• Marion Stokes: the woman who recorded everything. The strangely compelling story of the former librarian and activist who spent 35 years from 1979 filling 40,000 VHS tapes with the daily TV news and current affairs programmes of the day. Madness, but there was method in it (along with a ton of footage not preserved anywhere else, which is now being digitally archived for posterity).
  • While we're on the subject of archives and memory, the lies and broken promises that underpin the UK's current Brexit reality have been so numerous and shameless that it's exhausting to keep track of them all. Which is why the good folk at Yorkshire Bylines have produced The Davis Downside Dossier so you don't have to. 12 more or less inconsequential upsides and 178, often catastrophic, downsides spotted at the time of writing and counting. Named in honour of David Davis's infamous boast that "there will be no downside to Brexit at all, and considerable upsides."
  • Brazil: the title of Terry Gilliam's absurdist dystopia in movieland, also the location and pattern of a real-life dystopia in our world. A depressing piece which argues that Brazil, the country of the (fake) future, with its intractable neo-feudalist inequalities could be the template for all our futures, if the present trajectory of elite capture of the political economy continues. 
  • Bitcoin: a green disaster with, to paraphrase David Davis, no upside and considerable downsides. John Quiggin argues that the time to divest from Bitcoin is now.
  • Favourite pizza topping? Back in the Sixteenth Century, when Pope Pius V was kicking back from the day job of excommunicating England's Good Queen Bess, or instituting the feast of Our Lady of Victory after the successful outcome of the Battle of Lepanto, he probably liked to chill with a rose water and sugar pizza and a Michelangelo fresco, while waiting in vain for Netflix to be invented.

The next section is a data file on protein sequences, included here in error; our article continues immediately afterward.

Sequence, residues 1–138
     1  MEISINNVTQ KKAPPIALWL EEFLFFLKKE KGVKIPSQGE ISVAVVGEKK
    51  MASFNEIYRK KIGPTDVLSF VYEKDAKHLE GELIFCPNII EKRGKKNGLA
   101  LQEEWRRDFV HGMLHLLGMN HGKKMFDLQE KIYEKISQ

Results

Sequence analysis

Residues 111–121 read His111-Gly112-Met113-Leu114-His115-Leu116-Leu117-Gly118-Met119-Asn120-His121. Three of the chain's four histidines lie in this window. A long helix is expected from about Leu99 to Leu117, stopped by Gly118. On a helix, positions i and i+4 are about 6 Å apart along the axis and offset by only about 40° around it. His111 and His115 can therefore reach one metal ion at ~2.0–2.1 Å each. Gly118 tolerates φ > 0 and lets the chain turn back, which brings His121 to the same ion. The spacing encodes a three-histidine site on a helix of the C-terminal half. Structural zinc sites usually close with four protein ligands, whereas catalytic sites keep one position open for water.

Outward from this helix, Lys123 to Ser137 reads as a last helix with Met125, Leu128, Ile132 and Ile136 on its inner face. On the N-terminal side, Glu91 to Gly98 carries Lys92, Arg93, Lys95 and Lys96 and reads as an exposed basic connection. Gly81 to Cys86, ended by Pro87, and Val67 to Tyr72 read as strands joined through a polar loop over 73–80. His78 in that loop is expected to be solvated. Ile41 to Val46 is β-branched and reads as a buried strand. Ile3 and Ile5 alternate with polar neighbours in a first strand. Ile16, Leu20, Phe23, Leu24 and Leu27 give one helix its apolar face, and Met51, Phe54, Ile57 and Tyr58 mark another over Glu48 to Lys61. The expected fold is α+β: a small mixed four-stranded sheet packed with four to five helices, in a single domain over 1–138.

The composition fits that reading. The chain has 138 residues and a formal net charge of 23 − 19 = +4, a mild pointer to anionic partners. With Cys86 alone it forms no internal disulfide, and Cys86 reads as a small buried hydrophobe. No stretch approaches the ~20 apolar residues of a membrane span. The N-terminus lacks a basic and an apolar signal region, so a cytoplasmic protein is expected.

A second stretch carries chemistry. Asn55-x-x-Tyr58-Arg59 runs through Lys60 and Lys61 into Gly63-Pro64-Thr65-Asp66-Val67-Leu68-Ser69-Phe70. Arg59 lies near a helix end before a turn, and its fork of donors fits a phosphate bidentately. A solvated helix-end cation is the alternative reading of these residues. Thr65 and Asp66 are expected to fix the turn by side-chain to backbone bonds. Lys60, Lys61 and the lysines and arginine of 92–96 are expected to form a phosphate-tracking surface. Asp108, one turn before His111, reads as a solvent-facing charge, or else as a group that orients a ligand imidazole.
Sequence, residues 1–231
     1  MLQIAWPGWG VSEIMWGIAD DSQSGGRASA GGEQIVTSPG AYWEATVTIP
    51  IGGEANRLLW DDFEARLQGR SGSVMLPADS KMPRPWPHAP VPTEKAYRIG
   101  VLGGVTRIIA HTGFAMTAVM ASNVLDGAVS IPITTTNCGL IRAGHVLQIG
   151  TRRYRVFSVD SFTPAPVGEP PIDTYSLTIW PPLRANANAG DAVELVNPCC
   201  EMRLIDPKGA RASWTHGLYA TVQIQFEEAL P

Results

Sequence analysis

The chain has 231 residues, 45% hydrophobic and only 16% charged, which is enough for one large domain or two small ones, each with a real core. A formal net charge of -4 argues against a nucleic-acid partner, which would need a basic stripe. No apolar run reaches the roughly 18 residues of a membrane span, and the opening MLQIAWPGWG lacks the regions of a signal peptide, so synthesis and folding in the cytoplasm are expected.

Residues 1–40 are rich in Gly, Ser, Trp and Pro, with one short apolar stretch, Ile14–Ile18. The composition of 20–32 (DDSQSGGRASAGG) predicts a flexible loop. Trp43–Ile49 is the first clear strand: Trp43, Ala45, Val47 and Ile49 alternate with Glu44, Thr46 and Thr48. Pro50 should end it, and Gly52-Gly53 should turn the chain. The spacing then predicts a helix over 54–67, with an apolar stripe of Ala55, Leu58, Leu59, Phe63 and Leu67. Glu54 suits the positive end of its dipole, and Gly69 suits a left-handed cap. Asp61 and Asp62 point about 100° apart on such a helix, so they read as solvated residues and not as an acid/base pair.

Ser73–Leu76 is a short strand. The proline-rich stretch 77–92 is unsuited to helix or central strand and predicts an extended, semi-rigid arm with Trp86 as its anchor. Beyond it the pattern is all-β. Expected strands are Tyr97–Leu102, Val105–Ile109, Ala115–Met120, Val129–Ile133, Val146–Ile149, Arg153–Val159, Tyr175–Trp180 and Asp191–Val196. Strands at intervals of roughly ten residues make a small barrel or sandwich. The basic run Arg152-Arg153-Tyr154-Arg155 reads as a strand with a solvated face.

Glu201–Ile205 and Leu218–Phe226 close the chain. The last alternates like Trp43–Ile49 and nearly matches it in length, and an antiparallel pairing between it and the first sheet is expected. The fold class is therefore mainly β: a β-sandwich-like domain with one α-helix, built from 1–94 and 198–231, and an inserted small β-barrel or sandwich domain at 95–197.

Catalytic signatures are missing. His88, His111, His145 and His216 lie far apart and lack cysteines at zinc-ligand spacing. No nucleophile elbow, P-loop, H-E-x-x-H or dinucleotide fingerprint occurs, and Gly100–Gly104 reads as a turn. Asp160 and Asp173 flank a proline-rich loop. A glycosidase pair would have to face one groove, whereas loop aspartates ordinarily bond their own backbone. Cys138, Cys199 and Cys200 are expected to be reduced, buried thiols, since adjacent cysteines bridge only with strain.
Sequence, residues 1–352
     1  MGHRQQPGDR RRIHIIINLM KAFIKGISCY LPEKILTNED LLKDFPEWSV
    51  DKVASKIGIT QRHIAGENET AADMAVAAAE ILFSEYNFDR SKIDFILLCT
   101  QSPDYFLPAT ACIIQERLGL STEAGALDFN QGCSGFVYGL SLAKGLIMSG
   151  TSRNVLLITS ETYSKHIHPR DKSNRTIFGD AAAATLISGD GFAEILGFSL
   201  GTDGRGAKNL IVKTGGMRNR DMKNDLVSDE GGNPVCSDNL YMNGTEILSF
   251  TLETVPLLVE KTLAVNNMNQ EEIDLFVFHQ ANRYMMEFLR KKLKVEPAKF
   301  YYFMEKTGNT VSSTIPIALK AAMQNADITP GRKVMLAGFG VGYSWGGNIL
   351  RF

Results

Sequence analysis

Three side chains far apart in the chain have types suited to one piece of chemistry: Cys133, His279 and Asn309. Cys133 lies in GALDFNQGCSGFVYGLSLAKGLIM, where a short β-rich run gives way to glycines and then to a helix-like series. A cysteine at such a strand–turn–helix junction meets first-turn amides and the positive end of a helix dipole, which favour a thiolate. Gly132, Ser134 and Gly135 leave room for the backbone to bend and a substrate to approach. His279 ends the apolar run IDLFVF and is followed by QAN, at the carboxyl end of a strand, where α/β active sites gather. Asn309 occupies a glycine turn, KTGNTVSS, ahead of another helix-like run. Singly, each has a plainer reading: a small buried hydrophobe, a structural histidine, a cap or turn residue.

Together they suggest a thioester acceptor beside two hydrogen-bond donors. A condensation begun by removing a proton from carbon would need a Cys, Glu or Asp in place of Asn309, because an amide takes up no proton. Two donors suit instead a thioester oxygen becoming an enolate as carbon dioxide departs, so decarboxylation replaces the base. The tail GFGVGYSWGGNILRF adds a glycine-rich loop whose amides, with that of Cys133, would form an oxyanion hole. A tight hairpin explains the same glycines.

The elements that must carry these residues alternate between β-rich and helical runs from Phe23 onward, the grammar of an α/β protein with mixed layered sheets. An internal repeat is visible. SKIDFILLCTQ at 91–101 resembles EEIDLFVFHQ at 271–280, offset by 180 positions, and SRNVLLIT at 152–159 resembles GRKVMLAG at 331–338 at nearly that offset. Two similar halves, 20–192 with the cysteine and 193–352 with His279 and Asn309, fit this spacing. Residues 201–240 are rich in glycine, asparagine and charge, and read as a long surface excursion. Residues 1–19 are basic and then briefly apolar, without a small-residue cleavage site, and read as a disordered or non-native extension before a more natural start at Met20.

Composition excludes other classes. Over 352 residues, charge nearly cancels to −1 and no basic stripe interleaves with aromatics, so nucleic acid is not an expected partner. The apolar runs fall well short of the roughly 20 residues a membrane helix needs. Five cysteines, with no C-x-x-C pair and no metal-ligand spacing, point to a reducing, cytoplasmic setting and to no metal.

Friday, 4 June 2021

The bro smirk, the smirk of dominance


In yet more Britain Trump news, Former Guy may be disappearing ever more inexorably into madness and failure but, Cheshire Cat-like, his trademark smirk lingers on, on the faces of the Trump tribute band currently governing the UK. 

Today's pound shop Donald is Grant Shapps, the ΓΌber-Trumpy get-rich-quick grifter who used to pretend to be a multimillion-dollar web marketer under an assumed name. Here he is hardly even trying to justify reversing the irreversible, or being wildly inconsistent about controlling borders in a pandemic:

Of course, he's not alone. 


From Patel to Johnson the perma-smirk of invulnerability is now as much a part of the Conservative brand as the Tory Power Stance.

 As Ophelia Benson said of the Trump smirk, back in the days of Former Guy's pomp:

It’s the bro smirk, the smirk of dominance.

It would be interesting to see if he's still smirking now that his influence doesn't even extend to being heard on his low-traffic blog (I feel your pain, Donny) and how long the smirk will persist on the lips of the Britain Trump crew who were, presumably, counting on their special relationship with Former Guy to make a success of "Global Britain."